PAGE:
Two months ago I had the privilege of attending a half-day Speed Awareness workshop and I really do mean 'privilege'. Of course I didn't view it that way before I went, having reluctantly chosen to attend a workshop rather than have 3 points on my then clean driving licence. It would have been easier and cheaper just to accept the points, along with a fine of £60, as opposed to paying the £80 workshop fee, but there was no way I wanted points on my licence.
I was annoyed with myself for being caught speeding - I genuinely didn't know the speed limit on the road where I was caught by the mobile speed camera van parked in the layby. It turns out I was doing 36 mph in a 30 mph limit. But doesn't everyone have an excuse of some kind? Of course they do.
So, I went along to the local Holiday Inn venue on a Sunday afternoon at 2 pm not at all looking forward to spending the next 4 hours paying my penance. There were 24 other offenders crammed into a room, all of us looking resigned to enduring what was to come.
As it happens, the workshop was an excellent driving skills and Highway Code refresher. It was also highly interactive and, judging by the comments made on the way out, I'm quite sure everyone left feeling that it had been 4 hours well spent. I learned how to tell what the speed limit is wherever I am and I now appreciate why the 30 mph limit should be adhered to, and any other for that matter. There was a whole host of other useful tips and facts that we came away with but, most importantly, I left with a very real intention to be aware of my speed at all times and to stick to the limits as far as possible. It's just not worth risking the agony of killing a child, an animal or another road user, potentially getting a prison sentence and suffering the inevitable increase in car insurance.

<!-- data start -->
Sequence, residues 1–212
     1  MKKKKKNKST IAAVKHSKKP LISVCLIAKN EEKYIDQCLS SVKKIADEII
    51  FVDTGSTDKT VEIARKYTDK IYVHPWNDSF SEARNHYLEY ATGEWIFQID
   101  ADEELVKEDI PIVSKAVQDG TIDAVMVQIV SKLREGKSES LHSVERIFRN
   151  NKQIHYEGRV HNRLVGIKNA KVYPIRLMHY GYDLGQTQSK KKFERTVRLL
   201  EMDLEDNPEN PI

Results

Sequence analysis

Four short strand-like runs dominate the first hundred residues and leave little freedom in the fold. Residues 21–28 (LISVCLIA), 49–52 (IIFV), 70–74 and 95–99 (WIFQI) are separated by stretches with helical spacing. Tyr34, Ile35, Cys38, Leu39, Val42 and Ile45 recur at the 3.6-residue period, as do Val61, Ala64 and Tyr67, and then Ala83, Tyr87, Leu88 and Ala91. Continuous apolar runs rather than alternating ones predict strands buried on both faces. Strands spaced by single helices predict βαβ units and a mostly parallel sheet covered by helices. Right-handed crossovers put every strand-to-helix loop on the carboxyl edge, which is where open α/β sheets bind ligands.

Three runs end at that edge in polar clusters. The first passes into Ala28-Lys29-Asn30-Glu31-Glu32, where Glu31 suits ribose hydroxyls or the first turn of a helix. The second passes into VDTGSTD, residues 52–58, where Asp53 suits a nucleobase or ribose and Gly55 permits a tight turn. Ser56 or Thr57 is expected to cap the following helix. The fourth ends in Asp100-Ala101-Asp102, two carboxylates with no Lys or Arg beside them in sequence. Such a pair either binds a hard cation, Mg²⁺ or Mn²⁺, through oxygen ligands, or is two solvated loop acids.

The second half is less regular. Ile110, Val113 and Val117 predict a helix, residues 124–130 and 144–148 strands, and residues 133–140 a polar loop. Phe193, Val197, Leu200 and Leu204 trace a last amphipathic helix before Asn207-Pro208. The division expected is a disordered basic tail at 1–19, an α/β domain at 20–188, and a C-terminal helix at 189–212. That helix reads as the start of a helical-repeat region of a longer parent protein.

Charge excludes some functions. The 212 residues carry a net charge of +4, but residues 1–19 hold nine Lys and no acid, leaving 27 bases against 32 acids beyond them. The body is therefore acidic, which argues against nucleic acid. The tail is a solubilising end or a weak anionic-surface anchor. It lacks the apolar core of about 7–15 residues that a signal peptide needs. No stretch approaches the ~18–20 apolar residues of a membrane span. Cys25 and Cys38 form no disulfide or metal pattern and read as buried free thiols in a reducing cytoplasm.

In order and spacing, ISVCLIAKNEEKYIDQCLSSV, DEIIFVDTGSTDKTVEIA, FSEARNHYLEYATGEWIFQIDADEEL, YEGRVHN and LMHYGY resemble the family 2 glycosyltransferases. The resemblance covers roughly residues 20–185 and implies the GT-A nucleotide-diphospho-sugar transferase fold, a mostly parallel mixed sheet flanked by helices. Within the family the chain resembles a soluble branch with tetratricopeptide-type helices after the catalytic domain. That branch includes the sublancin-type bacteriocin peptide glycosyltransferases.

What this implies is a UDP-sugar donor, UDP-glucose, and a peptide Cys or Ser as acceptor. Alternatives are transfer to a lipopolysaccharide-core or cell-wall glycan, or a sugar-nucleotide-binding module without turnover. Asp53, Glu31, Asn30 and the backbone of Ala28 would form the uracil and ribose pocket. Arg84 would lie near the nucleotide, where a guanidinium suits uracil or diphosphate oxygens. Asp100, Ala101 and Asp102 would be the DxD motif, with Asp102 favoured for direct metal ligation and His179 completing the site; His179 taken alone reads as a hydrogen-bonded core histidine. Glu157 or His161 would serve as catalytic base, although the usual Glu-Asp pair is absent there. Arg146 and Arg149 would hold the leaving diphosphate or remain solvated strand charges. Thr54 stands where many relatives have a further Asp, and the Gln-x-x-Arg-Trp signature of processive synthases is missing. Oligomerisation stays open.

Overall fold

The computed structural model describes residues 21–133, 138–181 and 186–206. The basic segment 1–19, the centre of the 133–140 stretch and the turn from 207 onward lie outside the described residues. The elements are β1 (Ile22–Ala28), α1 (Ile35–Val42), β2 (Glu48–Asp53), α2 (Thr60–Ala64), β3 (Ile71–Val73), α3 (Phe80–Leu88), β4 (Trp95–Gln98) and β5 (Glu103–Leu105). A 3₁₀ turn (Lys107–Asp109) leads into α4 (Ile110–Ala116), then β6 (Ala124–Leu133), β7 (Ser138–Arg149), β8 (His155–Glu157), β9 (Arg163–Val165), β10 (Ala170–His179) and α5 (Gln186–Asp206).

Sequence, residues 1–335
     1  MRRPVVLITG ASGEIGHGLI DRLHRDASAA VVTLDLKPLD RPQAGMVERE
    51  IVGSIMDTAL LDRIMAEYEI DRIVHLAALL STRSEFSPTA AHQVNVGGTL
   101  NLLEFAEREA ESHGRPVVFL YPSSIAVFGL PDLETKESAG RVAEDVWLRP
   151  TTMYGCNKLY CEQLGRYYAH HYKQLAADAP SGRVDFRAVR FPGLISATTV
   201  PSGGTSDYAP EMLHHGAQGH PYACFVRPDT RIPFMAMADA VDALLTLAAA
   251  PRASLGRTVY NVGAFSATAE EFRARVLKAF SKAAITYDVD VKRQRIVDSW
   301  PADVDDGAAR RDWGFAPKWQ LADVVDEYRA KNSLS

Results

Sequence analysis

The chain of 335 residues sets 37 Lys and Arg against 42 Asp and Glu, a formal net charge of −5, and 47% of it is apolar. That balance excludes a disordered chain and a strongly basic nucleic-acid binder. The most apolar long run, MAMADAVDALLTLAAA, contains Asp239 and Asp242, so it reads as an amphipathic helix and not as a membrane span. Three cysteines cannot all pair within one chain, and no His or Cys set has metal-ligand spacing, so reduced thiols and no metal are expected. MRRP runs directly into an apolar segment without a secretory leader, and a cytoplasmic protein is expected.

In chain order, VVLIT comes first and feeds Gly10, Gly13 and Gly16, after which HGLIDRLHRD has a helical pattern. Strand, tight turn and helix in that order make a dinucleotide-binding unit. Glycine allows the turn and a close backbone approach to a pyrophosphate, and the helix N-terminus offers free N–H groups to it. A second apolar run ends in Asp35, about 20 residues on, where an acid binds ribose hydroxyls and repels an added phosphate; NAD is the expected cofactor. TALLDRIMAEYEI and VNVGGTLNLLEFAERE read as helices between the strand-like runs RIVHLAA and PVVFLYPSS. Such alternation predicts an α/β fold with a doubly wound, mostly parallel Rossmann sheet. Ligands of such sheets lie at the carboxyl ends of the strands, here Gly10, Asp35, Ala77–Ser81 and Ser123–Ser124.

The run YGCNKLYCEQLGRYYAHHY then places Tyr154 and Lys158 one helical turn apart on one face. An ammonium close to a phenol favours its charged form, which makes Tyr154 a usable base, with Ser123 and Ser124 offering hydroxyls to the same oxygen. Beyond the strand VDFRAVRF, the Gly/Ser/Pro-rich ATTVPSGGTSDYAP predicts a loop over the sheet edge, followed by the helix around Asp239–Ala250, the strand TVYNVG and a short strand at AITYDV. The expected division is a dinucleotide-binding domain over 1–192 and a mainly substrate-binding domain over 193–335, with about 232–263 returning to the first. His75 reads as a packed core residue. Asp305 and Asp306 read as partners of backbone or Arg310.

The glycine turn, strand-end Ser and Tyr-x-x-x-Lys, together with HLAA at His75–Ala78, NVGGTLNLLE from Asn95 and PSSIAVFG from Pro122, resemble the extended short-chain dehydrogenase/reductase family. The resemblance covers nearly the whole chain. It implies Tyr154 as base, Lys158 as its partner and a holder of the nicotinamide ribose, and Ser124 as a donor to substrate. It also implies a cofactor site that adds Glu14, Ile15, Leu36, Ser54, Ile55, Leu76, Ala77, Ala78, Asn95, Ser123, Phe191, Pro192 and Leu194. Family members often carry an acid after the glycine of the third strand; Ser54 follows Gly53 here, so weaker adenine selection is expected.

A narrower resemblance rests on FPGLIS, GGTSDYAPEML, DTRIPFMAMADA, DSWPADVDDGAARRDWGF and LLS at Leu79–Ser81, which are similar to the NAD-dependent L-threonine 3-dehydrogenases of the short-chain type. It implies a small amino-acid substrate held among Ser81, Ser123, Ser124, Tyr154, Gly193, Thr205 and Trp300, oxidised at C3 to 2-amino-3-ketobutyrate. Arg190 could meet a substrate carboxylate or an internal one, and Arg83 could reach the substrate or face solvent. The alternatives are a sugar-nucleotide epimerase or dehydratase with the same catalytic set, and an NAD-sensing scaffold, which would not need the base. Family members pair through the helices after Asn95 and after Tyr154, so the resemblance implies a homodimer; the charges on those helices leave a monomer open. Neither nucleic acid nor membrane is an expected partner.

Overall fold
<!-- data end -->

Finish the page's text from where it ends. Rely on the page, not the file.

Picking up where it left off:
But then came the hard part - putting my new resolution into practice for every single car journey. It really does take constant concentration and awareness of my driving all the time. My journeys now take longer and the 30 mph limit is particularly difficult to stick to. It's so easy to lose concentration and let the speed creep up unnoticed. The worst thing is that I always have someone on my boot now and so close that I can see the annoyance and frustration on their face in my rear view mirror. People just hate sticking to the speed limit, especially the 30s, let alone the 20 zones.
Not long after I attended the workshop, I made a 120-mile journey to visit my parents in Surrey. Most of the journey was dual carriageway and motorway but there were some single carriageway roads and villages to go through on the way. I resolved to do the whole journey sticking to the speed limits and drove at 70 mph on the dual carriageway stretches. Well, hundreds of cars sped past me during the journey, proving that the overwhelming majority of us exceed the speed limits.
I know I've turned into a boring, annoying driver, but I don't have to worry about the consequences of speeding any more. Most of all, I wish it were more acceptable and even 'cool' to stick to the speed limits.